Extreme metal need not draw its inspirations or lyrical themes from philosophy and literature to be worth our time. Of course it doesn’t — visions of pentagrams, skulls, haunted graveyards, and steaming viscera will do just fine, as long as the music hooks us. Still, provocative thinking can sometimes add an extra dimension to the experience, apart from the role it may play in providing inspiration to the musicians, and learning something new can be a welcome bonus.
Which brings us to the German band Stagwounder‘s new album The Shrouded Muse of the World´s Lament. In the press materials it is introduced by this quotation:
“Thou, eager to ascend to the sun on waxen wings, consider: even in the bleak caves of the deep it is better to reside than in the boundless ether. Between heaven and hell the child of Gaea is born, soon willing to lie itself down among the photophobic creatures of the chthonic dark, soon fluttering upward to the splendorous heights whose reflections radiate around it like garments of light.“
That passage was written by the 19th century German philosopher Julius Bahnsen. It appears in Pessimistenbrevier, a work translated as “The Pessimist’s Breviary”. That work provides the foundation for Stagwounder‘s new album, along with Japanese author and cultural critic Mishima Yukio. How these thinkers influenced the album is an interesting tale, and we think one worth telling before we get to the music itself (and yes, we will get to the music in due course, because we’re premiering a song from The Shrouded Muse… today, in the lead-up to its release by Crawling Chaos on November 26th).
photo by Evelyn Steinweg
And so we’ll begin by sharing these further explanations from the press materials we’ve received:
“The album‘s lyrics are formed around aphorisms from the Pessimistenbrevier…. This esoteric work of pessimism can be thought of as a poetic accounting of the endless strife of the self-contradicting will – the central theme of Bahnsen‘s metaphysics – and the fate of its subject.
“In the breviary the self is torn between the intellectual horror of sheer meaninglessness and the knowledge of the impossibility of reaching fulfillment of one’s idealistic yearnings.
“While the songs of The Shrouded Muse of the World‘s Lament reflect different steps of the breviary‘s spiraling, two external paths of escape are introduced, both rooted in self-negation. One being represented by the biblical nihilist Solomon and another by concepts of the Japanese author and cultural critic Mishima Yukio.
“Both evade the self- referential prison of nothingness through a partial abandonment of the rational web which marks its limitations: the latter by turning to the aesthetic and traditional world of corporeality and the former by seeking refuge in the severity of divine law”.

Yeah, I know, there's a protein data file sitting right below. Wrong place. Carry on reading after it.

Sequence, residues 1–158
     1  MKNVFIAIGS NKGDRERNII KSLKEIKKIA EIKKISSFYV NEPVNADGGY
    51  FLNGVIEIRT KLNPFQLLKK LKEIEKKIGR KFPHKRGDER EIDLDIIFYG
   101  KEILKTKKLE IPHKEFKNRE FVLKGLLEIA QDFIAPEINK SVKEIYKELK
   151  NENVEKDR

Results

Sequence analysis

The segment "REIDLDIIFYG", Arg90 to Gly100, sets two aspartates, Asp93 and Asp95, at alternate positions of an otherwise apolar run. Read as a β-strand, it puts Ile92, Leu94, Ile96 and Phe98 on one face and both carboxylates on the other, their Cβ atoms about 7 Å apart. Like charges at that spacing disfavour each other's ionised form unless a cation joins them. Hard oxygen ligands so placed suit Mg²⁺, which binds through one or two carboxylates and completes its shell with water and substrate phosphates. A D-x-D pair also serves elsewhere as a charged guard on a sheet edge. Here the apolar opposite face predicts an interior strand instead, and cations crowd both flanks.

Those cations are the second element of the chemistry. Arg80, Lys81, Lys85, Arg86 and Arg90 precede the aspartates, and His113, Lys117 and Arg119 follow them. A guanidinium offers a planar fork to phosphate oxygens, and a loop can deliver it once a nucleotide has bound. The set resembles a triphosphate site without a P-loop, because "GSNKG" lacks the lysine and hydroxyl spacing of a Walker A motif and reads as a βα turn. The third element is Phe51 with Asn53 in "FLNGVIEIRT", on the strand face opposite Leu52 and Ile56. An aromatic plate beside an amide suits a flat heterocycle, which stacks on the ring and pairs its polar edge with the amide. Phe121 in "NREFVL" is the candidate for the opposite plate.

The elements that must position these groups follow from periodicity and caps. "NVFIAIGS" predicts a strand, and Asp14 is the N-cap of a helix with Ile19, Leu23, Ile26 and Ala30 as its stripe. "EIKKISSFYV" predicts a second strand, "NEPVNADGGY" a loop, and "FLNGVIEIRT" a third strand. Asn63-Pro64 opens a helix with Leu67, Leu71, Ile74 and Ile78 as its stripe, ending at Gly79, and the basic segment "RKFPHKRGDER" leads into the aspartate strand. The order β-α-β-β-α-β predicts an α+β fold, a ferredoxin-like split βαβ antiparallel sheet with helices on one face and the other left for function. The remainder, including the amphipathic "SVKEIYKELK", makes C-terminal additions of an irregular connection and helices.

We hope you’re as intrigued by these conceptual underpinnings of Stagwounder‘s new album as we have been, but now it’s time to get to the music, via a track from the album named “Das Phantom zerrinnt” (The Phantom dissolves).
Crawling Chaos explains about the music of the album as a whole: “Stagwounder consistently continue their path to rebalance, purify and define their sound: As within the two predecessors, there are borrowings from Black, Death and Doom Metal, which, however, are expanded by and enriched with other stylistic elements – from calm, repetitive post-rock passages to wildly disharmonious riff cascades”.
In the case of “Das Phantom zerrinnt” the music is a mysterious meditation (both beguiling and uneasy) made of moody glittering notes, a deep humming bass, and a compulsive thumping rhythm. But it’s also a harsh storm of abrasion, created by outbursts of slashing, swirling, and searing guitars, clattering percussion, and scalding vocal assaults. The music pulsates and flares with a kind of deranged intensity — but never completely lets go of that feeling of perilous mystery.
As noted above, The Shrouded Muse of the World‘s Lament will be released via Crawling Chaos on November 26th. In addition to the quartet of Stagwounder it includes guest performances by Wolfgang Kirchheim (Glaswald, Wolfgang Kirchheim), who performs a guitar solo on “Monologe der Zerknirschung und der Selbstverachtung” (Monologues of contrition and self-contempt) and by Martin Pohl (Glaswald, Buddha Sentenza), who performs piano on “Das Leben längstversenkter Todten“ (The life of long sunken dead).
Pre-orders will begin next month.
PRE-ORDER (beginning November 12):